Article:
The bottom line, then, is that living “simply” no longer appears to be cheap or easy. Reading Real Simple taught me that I can’t live simply without buying lots of things.  And that the more I buy the more simple my life will become.  The moral of this story?  There truly are a lot of “real simple” things in life.  It’s just that the real simple things about life aren’t free.


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Category: American Culture, Consumerism

About the Author ()

Erich Vieth is an attorney focusing on consumer law litigation and appellate practice. He is also a working musician and a writer, having founded Dangerous Intersection in 2006. Erich lives in the Shaw Neighborhood of St. Louis, Missouri, where he lives half-time with his two extraordinary daughters.

Comments (2)

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  1. grumpypilgrim says:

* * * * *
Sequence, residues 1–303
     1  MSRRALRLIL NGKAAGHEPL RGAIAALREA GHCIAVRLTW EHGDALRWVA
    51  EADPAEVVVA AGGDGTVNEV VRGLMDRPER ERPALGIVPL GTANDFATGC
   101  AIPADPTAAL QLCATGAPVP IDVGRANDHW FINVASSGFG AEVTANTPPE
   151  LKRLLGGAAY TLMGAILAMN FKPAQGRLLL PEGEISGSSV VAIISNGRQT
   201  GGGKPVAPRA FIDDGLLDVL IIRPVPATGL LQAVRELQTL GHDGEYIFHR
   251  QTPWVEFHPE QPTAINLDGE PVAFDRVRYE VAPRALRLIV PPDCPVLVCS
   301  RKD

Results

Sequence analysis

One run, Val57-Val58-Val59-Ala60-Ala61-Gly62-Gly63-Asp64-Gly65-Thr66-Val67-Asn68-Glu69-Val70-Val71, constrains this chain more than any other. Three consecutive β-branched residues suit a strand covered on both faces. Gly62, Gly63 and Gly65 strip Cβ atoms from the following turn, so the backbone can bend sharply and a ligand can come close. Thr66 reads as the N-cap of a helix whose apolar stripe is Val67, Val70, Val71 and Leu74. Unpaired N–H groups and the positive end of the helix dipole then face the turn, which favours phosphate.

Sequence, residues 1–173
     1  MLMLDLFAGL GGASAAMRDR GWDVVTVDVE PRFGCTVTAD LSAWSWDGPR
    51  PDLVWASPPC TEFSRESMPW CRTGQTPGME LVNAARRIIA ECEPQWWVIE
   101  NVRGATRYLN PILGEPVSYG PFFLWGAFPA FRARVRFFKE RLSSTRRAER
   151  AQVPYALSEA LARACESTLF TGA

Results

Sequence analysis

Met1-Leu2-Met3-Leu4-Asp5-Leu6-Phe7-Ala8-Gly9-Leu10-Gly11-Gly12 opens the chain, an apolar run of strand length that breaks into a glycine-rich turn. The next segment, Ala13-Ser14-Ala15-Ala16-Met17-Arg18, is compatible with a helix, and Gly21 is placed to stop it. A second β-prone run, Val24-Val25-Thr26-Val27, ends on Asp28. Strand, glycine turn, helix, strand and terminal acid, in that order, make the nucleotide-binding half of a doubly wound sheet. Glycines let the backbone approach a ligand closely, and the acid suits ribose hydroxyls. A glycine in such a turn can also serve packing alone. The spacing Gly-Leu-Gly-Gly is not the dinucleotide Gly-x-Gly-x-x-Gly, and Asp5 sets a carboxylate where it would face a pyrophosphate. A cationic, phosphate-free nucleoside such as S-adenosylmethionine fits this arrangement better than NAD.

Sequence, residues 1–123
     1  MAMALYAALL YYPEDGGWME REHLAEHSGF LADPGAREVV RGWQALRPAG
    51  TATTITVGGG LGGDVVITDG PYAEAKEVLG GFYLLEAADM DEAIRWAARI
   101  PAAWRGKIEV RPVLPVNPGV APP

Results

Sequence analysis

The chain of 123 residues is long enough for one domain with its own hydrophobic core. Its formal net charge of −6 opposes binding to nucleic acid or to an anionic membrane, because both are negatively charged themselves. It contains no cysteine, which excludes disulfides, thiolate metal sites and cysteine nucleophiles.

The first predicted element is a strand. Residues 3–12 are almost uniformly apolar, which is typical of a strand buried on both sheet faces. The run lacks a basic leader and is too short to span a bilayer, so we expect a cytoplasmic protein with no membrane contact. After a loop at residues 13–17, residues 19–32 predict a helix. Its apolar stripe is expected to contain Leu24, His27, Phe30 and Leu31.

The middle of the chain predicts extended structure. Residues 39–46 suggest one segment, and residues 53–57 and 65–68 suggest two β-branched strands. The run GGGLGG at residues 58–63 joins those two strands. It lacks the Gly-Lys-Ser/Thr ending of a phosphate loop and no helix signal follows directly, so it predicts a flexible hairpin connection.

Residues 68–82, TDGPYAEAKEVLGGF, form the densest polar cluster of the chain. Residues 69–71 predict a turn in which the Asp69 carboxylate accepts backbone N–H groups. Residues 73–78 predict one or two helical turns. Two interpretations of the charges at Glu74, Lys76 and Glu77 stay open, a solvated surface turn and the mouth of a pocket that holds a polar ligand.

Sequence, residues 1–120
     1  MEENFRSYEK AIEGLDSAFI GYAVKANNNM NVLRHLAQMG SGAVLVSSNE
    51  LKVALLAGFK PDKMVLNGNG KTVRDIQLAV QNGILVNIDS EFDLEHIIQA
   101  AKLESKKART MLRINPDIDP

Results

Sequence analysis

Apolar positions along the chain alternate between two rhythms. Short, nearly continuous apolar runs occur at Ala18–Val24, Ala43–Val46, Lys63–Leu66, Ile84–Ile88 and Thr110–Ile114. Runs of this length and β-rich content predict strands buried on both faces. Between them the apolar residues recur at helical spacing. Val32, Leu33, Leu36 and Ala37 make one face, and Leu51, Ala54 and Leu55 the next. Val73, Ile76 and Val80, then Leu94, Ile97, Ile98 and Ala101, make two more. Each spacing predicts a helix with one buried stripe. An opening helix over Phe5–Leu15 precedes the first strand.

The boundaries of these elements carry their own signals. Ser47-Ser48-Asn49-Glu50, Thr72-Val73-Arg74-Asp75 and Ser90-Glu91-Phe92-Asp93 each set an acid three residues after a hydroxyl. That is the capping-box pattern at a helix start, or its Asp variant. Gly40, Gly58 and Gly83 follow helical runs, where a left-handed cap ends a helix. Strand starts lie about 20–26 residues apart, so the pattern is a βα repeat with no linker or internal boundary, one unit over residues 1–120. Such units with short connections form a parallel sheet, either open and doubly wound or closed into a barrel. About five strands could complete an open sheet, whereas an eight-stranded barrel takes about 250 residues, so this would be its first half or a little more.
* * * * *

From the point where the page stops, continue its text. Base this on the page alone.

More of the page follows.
One of my personal amusements in the wants/needs category is the ubiquitous set of kitchen knife sets found in most homes. You know the type: a butcher-block base with a forest of knife handles sprouting from it. I remember hearing a professional chef say that he only owns three knives: a 3-4" paring knife, a 6-7" utility knife, and a cleaver. That's it. He was perfectly happy with that small collection because he has them professionally sharpened every year, so he doesn't need any more knives to ensure that he always has a sharp one. Many kitchens also feature a collection of table-top cooking devices (the George Foreman grill being one example), when an ordinary stove can replace all of them.

    Of course, the kitchen isn't the only room in the house with excess stuff: just ask any homeowner how many duplicate tools he or she has in the workshop. I went to a garage sale last summer where the homeowner had three routers for sale, all of which worked just fine. Another garage sale I visited had a large selection of circular saws.

    Unfortunately, I'm just as guilty myself. My own obsession is bicycles: I rescue discarded bicycles and bike parts from curbsides, so they don't go to the landfill. Some parts I reuse, others I donate to a local charity that gives bikes to needy children in exchange for a few hours of community service.